A part of a line of severe thunderstorms swept over Chicago, Illinois metropolitan area on Sunday, June 30, 2019, causing damage throughout the city and leaving nearly 100 000 customers without power.
Winds as high as 119 km/h (74 mph) hit northern Illinois Sunday afternoon (CDT), leaving nearly 100 000 customers across the state without power. Chicago area recorded wind gusts over 96 km/h (60 mph), with 101 km/h (63 mph) at Rockford airport.
Power company ComEd said they sent over 200 crews to restore electricity. As of 05:56 UTC on July 1 (00:56 CDT), 44 626 customers are still without power.
The storms caused damage throughout the city and halted racing at Chicagoland Speedway. Three preliminary tornado reports came in around 16:30 CDT - one near Platte Creek and others in Gregory County.
More than 300 000 customers were without power across the eastern U.S. by Sunday afternoon.
Storm cluster continues to move SE through area. Increasing coverage ahead of the main cluster is expected. Isolated t-storms with very strong winds, frequent lightning, and heavy downpours will continue to develop through early evening. Have a PLAN ready to seek shelter. pic.twitter.com/mkNXCSUvUk— NWS Chicago (@NWSChicago) June 30, 2019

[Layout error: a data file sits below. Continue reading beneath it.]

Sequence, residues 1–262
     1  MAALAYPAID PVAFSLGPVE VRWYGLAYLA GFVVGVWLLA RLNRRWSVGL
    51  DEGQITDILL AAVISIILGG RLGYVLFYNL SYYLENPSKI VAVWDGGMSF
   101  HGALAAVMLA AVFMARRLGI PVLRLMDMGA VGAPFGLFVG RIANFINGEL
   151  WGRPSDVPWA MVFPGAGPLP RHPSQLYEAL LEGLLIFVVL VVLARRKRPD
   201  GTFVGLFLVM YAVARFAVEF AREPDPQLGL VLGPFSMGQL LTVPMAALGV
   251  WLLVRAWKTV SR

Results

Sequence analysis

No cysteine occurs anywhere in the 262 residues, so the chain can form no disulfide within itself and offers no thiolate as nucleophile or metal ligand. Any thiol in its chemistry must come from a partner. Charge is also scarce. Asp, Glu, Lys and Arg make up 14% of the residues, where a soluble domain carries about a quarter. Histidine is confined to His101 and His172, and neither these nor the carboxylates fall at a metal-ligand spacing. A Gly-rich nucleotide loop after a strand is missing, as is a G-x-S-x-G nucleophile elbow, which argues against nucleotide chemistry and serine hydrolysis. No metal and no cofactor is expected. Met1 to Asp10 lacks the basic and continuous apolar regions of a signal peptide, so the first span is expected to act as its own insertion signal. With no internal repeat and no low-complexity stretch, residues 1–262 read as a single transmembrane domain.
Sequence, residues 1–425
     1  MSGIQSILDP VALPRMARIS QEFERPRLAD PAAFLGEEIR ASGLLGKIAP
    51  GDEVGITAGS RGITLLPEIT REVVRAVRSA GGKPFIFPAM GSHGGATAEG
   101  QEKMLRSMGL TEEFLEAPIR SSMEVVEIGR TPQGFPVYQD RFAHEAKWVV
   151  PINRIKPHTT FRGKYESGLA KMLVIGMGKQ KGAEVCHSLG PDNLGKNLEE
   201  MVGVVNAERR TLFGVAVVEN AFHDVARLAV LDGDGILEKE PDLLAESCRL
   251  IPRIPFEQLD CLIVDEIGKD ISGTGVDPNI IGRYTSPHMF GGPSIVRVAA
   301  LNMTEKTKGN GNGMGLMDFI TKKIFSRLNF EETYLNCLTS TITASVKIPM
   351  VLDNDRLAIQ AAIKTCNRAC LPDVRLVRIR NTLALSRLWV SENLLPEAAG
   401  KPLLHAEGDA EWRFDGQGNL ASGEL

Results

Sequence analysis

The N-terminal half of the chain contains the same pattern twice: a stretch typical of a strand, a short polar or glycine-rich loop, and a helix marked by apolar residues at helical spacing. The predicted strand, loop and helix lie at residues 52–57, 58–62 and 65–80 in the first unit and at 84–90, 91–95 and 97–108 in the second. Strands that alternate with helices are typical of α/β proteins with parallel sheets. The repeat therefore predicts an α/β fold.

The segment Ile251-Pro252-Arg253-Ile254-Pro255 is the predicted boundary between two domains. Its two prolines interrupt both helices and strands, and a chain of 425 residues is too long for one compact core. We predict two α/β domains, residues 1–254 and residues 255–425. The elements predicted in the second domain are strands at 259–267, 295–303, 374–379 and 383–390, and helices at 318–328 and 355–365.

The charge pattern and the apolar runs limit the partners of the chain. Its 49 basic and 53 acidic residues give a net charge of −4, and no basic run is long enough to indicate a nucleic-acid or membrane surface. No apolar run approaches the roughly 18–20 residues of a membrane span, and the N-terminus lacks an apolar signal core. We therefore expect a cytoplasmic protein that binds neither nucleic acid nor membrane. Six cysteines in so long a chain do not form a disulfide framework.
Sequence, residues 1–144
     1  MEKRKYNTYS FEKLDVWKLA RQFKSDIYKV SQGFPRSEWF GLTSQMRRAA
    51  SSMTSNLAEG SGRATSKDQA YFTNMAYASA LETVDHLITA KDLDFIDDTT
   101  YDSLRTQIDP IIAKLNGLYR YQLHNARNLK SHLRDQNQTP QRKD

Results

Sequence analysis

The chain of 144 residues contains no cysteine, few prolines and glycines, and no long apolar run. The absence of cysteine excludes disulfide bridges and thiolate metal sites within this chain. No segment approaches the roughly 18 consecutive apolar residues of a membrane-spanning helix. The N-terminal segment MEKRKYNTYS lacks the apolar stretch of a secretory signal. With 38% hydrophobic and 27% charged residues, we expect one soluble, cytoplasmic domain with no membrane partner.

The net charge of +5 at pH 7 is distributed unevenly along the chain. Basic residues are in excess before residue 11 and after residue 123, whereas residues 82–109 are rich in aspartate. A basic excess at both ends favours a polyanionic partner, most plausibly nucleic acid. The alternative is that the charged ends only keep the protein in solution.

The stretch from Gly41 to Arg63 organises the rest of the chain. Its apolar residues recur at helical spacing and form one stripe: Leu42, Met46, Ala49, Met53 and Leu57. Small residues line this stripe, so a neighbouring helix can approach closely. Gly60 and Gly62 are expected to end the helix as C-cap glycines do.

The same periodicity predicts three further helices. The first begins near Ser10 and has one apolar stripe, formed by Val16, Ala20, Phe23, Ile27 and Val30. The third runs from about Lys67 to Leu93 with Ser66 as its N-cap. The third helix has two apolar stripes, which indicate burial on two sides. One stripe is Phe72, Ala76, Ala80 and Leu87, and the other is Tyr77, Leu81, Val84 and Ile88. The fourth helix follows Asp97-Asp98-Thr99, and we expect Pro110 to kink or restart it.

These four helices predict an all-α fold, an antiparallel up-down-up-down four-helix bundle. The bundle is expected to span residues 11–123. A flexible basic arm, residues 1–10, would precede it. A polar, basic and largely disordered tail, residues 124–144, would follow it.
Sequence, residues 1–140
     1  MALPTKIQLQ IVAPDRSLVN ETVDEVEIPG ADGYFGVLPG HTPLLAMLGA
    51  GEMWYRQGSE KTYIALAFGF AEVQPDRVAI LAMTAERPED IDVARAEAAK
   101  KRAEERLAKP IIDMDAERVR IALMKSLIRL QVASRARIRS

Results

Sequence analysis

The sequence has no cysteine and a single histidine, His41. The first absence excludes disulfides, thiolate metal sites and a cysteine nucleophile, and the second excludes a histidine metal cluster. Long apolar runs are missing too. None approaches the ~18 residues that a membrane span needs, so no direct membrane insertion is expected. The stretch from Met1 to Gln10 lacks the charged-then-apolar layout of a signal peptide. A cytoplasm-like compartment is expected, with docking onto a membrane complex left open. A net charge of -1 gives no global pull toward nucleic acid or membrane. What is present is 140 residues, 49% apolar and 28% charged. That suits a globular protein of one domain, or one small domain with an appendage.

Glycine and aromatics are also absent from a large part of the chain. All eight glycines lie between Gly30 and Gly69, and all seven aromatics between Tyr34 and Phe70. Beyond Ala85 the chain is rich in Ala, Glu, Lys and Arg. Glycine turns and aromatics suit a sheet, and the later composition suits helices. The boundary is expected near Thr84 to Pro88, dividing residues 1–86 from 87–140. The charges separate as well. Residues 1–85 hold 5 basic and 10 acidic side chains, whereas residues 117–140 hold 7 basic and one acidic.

A second thunderstorm complex is approaching northwest IL. Arrival of these storms is expected during the 7-9 PM time frame in the outlined area. Frequent lightning and gusty winds are the primary threats. #ilwx #iawx pic.twitter.com/CX46Ta0QEf— NWS Chicago (@NWSChicago) June 30, 2019
An additional round of thunderstorms is likely through 9 PM this evening. Storms could be severe along and W of I-39, posing a risk of damaging winds and a tornado or two. Additional showers and storms are possible towards the Chicago Metro, but severe weather chances are low. pic.twitter.com/bhXA7Johvu— NWS Chicago (@NWSChicago) June 30, 2019
"The storms were part of what’s known as a Mesoscale Convective System, or an MCS for short. This is a group of thunderstorms that moves together, often producing damaging winds and occasional tornadoes. These are fairly typical during the late spring and summer," Meteorologist Chris Bianchi noted.
"More storms are possible in the Chicago area over the next few days, but they shouldn’t be quite as strong as Sunday’s."
Featured image credit: NOAA/GOES-East. Acquired: 22:50 UTC on June 30, 2019.
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